I remember them all, and I know them by name. There was Nour who had both of his legs amputated, and would stare at where his legs should have been, and cry. There was Abdul, who lost an arm at just eighteen months old. These are the cases that break me.

 

I’ve lost count of the times that I’ve seen mothers crying for their lost babies, fathers collapsing at their child’s cold feet, children refusing to let go of their lifeless sibling’s hand, and people who died in anonymity with nobody to mourn them in their final moments.

 

And yet children’s resilience and strength has always left me speechless. Children as young as seven would ask to leave the hospital after being treated, so that they can find food for their families – they would be worried that their siblings would go hungry without them.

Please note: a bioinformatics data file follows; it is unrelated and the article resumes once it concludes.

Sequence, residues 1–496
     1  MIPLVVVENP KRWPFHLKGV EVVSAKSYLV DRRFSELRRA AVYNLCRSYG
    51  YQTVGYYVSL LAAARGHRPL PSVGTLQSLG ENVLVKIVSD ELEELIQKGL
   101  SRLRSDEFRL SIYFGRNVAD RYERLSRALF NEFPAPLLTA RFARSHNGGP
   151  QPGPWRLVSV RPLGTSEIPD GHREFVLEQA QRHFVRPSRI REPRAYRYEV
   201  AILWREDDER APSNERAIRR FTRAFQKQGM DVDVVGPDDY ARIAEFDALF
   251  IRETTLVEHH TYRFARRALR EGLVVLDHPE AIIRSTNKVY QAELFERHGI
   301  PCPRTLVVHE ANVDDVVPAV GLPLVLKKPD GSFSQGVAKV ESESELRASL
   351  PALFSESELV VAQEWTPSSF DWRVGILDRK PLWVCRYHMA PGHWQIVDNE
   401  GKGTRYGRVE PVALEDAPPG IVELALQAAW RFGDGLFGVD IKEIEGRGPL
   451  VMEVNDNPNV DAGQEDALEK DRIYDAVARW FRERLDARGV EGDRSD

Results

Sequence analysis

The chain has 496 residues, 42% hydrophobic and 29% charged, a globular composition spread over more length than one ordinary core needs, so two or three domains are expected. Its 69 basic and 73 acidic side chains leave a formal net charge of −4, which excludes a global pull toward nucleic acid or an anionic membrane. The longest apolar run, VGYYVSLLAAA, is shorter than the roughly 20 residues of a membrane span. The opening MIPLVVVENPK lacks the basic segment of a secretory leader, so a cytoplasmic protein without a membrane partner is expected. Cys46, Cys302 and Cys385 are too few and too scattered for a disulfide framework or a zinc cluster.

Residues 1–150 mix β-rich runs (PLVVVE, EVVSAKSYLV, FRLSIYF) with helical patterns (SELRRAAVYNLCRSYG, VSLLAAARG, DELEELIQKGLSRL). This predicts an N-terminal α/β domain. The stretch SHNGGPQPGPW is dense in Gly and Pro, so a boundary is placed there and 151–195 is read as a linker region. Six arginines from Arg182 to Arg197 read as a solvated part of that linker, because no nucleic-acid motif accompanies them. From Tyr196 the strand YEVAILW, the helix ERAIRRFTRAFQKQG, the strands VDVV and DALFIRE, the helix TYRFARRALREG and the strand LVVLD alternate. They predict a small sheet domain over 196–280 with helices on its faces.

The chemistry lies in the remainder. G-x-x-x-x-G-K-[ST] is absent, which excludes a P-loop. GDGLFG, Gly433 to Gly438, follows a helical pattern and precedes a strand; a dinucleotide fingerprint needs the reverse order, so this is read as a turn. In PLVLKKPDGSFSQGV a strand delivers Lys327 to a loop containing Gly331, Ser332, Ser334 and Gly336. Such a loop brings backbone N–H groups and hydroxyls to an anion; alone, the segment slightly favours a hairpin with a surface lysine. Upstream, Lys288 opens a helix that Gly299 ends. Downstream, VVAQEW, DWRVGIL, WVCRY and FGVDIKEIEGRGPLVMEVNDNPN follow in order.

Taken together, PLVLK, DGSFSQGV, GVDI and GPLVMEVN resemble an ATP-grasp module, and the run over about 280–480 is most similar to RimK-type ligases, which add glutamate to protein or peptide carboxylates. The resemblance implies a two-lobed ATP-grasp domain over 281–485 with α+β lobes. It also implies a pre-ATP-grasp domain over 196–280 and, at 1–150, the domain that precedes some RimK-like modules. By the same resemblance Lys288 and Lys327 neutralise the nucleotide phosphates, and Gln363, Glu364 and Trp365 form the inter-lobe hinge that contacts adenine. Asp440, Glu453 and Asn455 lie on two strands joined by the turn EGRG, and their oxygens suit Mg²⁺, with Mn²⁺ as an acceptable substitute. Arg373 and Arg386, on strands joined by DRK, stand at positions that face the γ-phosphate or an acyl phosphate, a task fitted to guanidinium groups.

The siege began in 2013. At the time, we didn’t understand what that meant. We could not yet imagine that we would become prisoners in our own homes, or that food and water would become scarce, whilst disease became rife. A new Stone Age was forced upon us.

 

Soon, everyone was starving, terrified and exhausted. People would farm what was left of their land and wait hungrily for the harvest season – only for the fields to be scorched by planes just before they could harvest it.

 

We’ve seen days when the only food available to eat was the grass we used to feed our cows. Many didn’t even have that.

 

We’ve had to endure unrelenting attacks including bombs in populated areas, the destruction of our schools and hospitals, and a devastating chemical attack that killed hundreds.